Pinkie dropped her gun and fell to her knees, raising her fists to the heavens. “NOOOOO!!!” A second later she hopped back up, all smiles again. “Nice gun, Rarity!”
Rarity grinned down at it, admiring her own handiwork. “Thank you, darling.”
Meanwhile, Rainbow was still fighting her two-on-one battle against Applejack and Sparkler. Having escaped their trap, she shot off into the woods to spoil their aim. They did their best, but neither of them managed to score a hit. Then Rainbow closed the gap on Sparkler, avoiding several shots before scoring a hit on my bratty little sister from almost point-blank.
Sparkler scowled at her. “How did you even ... there’s no way I could miss that many times when you were that close!”
“Apparently there is,” Rainbow shot back with a smirk. “’Cause you just did.”
Applejack saw her chance and opened up on Rainbow while she was distracted, trying to score a hit. Rainbow dropped to the ground so fast it took me a second to realize what she’d done. Another quick roll brought her up on Applejack’s flank faster than the farmer could track her, and in the blink of an eye she scored her killshot against Applejack.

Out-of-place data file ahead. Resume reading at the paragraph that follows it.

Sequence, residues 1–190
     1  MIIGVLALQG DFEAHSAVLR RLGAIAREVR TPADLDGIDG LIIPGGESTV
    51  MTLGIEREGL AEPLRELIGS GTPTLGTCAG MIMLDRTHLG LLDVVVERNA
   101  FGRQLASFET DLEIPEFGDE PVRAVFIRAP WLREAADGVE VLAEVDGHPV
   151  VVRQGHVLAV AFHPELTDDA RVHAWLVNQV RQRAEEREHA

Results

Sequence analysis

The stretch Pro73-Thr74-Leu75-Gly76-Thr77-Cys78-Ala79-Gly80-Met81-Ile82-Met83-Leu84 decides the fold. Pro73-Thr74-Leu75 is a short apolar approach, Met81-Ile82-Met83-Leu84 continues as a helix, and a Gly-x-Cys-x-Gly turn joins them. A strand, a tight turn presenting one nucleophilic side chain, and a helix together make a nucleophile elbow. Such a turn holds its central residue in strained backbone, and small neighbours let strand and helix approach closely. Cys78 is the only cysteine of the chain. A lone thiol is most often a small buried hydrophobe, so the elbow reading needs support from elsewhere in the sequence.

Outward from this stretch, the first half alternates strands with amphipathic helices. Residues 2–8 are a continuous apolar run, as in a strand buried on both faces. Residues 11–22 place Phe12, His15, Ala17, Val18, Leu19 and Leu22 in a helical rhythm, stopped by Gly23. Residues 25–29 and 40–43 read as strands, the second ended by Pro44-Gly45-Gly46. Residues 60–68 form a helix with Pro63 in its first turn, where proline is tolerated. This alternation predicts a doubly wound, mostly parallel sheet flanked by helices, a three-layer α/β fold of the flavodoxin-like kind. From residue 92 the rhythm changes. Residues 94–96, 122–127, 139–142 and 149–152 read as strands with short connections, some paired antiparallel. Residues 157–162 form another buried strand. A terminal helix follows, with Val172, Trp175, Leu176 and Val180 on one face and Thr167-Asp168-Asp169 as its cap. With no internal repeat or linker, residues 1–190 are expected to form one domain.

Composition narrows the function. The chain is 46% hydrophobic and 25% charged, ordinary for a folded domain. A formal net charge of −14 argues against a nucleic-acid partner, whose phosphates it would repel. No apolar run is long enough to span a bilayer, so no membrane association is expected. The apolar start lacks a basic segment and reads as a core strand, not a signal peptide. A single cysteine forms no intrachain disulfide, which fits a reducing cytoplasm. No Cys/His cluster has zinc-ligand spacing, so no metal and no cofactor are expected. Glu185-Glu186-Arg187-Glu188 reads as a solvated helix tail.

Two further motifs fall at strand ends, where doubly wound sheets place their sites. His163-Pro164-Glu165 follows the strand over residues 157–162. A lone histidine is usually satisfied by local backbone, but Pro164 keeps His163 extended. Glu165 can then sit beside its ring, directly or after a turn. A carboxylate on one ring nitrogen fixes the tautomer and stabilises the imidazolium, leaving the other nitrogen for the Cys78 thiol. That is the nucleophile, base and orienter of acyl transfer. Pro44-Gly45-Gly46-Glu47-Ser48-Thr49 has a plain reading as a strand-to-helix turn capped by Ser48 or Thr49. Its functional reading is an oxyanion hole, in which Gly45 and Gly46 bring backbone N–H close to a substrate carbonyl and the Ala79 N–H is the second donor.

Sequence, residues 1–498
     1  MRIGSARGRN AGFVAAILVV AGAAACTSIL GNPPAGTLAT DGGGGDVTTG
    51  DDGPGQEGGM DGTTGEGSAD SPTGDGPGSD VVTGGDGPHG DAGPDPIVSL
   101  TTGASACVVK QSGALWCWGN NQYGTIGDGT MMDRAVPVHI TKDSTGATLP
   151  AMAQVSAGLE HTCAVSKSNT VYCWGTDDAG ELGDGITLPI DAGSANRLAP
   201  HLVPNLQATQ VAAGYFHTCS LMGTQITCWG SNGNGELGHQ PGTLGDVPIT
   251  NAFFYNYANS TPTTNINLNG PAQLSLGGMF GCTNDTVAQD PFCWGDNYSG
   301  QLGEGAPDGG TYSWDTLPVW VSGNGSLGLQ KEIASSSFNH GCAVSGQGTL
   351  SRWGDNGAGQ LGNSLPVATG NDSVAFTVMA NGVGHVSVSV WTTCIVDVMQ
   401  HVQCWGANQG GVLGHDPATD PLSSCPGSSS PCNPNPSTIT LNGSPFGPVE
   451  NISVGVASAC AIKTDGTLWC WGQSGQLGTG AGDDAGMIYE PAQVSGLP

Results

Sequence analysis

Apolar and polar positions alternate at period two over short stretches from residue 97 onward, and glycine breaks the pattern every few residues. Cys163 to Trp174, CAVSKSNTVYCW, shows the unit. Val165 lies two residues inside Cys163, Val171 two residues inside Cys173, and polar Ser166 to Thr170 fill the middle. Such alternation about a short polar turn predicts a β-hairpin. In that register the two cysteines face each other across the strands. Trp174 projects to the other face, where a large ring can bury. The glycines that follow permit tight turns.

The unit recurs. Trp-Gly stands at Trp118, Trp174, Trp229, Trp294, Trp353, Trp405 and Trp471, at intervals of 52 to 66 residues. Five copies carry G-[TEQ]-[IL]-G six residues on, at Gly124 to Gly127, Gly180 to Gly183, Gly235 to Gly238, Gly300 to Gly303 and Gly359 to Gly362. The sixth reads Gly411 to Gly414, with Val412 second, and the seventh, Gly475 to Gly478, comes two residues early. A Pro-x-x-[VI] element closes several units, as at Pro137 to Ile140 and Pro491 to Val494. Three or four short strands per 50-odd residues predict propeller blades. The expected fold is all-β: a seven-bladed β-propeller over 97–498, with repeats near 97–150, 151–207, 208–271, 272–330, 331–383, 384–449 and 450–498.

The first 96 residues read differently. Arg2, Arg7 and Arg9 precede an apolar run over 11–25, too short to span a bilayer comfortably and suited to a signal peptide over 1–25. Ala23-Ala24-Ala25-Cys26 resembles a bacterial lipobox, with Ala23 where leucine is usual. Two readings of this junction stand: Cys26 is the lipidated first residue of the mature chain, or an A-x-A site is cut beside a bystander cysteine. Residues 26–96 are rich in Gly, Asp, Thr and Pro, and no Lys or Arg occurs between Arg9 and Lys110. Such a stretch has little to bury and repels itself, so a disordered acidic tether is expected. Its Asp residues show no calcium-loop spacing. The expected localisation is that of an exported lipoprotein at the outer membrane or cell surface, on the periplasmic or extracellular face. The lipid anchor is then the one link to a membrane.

Applejack blinked in surprise, then glowered balefully at her. “Now hold the phone just a goldurn minute! There ain’t no way you’re moving that fast without using some of that there magic of yours!”
Rainbow scoffed and rolled her eyes. “Uh, yeah there is. It’s called being athletic! Stop being such a sour apple.”
Applejack stomped over to her, crossing her arms under her breasts. “There ain’t nothin’ athletic about cheatin’! We all agreed, no powers!”
“I’m not cheating!” Rainbow snapped back at her. “You’re just being a sore loser.”
I moved over to the two of them, ignoring what was left of the nerf battle to focus on what really mattered. “She’s right, she wasn’t cheating. Did anyone actually see her use magic?”
“That just means she was smart enough to not get caught,” Applejack groused before shifting her attention back to my girlfriend. “How many times’ve you been hit since we started, exactly?”
“It’s called being good!” Rainbow shot back. “Try it sometime!”
“Nobody’s that good!” Applejack shot back. “Ain’t no way you’ve gone this long without taking a hit unless you’re using magic. Either you’re cheating with that, or you’re cheating by not calling your hits!”